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Originally published Tuesday, March 27, 2012 at 3:38 AM

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3 Syrian soldiers die in clashes with rebels

Three Syrian soldiers died in clashes with rebels in the central province of Homs on Wednesday, an activist group said, just a day after President Bashar Assad said he has accepted a U.N. plan to resolve the country's crisis.

Associated Press

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BEIRUT —

Three Syrian soldiers died in clashes with rebels in the central province of Homs on Wednesday, an activist group said, just a day after President Bashar Assad said he has accepted a U.N. plan to resolve the country's crisis.

The Britain-based Syrian Observatory for Human Rights said the fighting broke out when government forces tried to enter the town of Rastan, which is in the hands of army defectors. The activist group also reported clashes in the Deir el-Zour province along the Iraqi border and said government troops had fired mortars at the city of Homs.

The fresh violence coincides with a new wave of international diplomacy seeking to end the year-old conflict that the U.N. says has left more than 9,000 people dead.

Syria said Tuesday that Assad accepted a peace plan put forward by U.N.-Arab League envoy Kofi Annan. The plan calls for Damascus to immediately stop troop movements and use of heavy weapons in populated areas and to commit to a daily two-hour halt in fighting to allow humanitarian access and medical evacuations.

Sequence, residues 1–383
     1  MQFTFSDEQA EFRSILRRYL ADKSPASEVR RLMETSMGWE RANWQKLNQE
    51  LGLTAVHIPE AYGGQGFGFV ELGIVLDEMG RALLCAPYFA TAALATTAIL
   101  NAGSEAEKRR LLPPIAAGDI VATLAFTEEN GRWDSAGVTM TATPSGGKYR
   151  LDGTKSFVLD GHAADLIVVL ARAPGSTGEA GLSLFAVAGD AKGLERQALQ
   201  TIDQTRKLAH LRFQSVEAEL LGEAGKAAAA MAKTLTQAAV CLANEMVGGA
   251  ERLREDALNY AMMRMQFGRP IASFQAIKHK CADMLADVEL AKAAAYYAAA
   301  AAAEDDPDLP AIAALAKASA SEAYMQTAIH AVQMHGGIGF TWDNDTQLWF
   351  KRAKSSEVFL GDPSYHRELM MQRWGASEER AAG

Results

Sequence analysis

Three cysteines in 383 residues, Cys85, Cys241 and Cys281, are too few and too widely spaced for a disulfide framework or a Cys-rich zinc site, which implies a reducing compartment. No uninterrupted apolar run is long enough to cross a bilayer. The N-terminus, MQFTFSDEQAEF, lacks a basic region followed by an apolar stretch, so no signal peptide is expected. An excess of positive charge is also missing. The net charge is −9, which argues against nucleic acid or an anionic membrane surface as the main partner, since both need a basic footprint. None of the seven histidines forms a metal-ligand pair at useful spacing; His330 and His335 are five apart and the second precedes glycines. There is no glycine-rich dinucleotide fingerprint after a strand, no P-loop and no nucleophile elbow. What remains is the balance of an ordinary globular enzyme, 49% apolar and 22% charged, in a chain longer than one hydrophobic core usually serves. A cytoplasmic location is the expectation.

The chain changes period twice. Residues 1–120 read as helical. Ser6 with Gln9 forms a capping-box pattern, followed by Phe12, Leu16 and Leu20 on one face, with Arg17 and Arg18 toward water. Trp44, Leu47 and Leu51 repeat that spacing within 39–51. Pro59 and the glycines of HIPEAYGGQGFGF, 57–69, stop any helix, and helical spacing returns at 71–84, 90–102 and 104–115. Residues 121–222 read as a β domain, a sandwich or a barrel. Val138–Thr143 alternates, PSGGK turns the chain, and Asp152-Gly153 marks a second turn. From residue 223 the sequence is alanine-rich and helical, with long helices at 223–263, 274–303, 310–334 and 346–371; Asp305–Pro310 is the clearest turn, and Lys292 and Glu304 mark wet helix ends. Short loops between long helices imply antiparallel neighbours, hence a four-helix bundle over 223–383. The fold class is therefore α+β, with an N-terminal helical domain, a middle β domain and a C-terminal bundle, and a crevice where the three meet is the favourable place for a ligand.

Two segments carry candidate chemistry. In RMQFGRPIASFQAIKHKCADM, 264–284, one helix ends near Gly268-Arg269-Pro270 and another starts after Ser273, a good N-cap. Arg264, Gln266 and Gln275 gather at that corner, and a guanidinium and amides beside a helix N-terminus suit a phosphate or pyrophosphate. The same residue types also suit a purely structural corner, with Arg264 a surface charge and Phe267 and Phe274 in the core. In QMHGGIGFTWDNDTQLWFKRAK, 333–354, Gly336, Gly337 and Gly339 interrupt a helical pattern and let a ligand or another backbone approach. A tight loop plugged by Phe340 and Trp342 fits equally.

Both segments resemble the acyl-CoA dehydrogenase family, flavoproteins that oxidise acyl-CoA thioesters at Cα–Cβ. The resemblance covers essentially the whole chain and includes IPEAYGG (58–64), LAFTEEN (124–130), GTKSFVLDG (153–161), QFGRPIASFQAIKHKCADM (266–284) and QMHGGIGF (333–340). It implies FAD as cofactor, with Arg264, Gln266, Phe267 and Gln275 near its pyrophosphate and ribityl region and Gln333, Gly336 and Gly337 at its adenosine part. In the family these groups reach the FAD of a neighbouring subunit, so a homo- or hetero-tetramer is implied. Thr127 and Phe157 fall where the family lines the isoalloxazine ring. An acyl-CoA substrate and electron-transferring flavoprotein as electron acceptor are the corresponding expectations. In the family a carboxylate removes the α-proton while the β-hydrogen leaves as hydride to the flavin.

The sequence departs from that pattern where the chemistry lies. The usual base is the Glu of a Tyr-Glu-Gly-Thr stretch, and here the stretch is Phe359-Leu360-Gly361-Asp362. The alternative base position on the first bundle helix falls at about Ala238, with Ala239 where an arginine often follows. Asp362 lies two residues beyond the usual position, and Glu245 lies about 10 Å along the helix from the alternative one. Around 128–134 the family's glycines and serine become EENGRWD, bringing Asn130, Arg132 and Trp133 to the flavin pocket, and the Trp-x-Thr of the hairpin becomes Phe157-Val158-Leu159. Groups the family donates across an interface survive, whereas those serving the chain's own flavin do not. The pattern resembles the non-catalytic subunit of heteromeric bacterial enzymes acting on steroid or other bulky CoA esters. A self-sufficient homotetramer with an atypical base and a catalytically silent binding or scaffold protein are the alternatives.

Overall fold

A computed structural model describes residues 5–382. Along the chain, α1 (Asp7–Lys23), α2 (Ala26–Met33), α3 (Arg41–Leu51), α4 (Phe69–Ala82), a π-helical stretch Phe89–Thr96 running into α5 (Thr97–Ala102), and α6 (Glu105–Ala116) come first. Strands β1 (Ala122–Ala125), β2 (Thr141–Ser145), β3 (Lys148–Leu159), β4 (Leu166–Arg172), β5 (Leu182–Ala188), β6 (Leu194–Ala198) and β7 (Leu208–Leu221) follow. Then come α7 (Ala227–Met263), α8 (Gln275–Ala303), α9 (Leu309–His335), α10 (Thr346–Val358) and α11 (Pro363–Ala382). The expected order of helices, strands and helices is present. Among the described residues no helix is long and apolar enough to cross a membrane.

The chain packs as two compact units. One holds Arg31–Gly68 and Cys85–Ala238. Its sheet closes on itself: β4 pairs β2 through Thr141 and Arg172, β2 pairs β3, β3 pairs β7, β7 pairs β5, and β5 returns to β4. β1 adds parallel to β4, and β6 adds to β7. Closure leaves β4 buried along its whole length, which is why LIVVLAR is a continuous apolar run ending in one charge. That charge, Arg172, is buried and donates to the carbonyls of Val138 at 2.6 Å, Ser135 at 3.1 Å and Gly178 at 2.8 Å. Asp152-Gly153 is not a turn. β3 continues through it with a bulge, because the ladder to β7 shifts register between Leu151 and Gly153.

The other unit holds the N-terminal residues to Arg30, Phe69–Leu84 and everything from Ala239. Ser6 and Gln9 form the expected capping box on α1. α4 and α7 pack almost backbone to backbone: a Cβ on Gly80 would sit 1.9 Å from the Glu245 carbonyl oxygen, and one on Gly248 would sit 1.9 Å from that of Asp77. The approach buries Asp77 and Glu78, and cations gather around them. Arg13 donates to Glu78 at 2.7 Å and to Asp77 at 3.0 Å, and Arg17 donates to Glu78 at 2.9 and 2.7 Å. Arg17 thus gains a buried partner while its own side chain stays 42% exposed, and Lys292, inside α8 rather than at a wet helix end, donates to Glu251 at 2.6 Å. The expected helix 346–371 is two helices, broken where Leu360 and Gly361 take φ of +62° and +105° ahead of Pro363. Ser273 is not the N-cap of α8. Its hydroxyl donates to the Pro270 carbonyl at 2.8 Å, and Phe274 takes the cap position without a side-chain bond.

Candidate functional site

It also calls for a full cease-fire to be supervised by the U.N. so that all parties can discuss a political solution.

Members of the fractured opposition struggling to end Assad's regime accused him of using the plan to stall for time as his troops make a renewed push to kill off bastions of dissent.

The U.S. and Britain, both of which have called on the Syrian president to step down, said Assad must back his words with action.

Annan said Tuesday during a visit to Beijing that he had received Chinese backing for his plan. As international condemnation of Assad has grown, Russia and China have protected him from censure by the U.N. Security Council. But Russia, too, has endorsed Annan's plan.

Also on Wednesday, the 22-member Arab League is to discuss a new resolution on the Syria conflict at a summit in Baghdad. The body's foreign ministers are expected to ask their heads of state to urge the Syrian regime to halt its crackdown on civilians and allow humanitarian groups into the country. The ministers are meeting in the Iraqi capital on Wednesday and the heads of state will gather on Thursday.

The Syrian uprising began in March 2011 with mostly peaceful protests as part of the Arab Spring. It turned increasingly militarized after the government unleashed tanks, snipers and troops with machine guns to break up protests - a development that many opposition members say forced them to take up arms. The government denies there is a popular uprising, saying the revolt is being driven by armed groups and others it calls terrorists.

Syria's opposition has failed throughout the conflict to create a unified front against Assad. Hundreds of opposition leaders abroad met in Turkey on Tuesday and discussed how to restructure the Syrian National Council to properly represent the opposition. The body is often accused of ineffectiveness, and prominent members have recently quit, accusing council leaders of not sharing decision-making.

The body has limited control over opposition activities inside Syria or over the various armed groups fighting the government across Syria under the banner of the Free Syrian Army.

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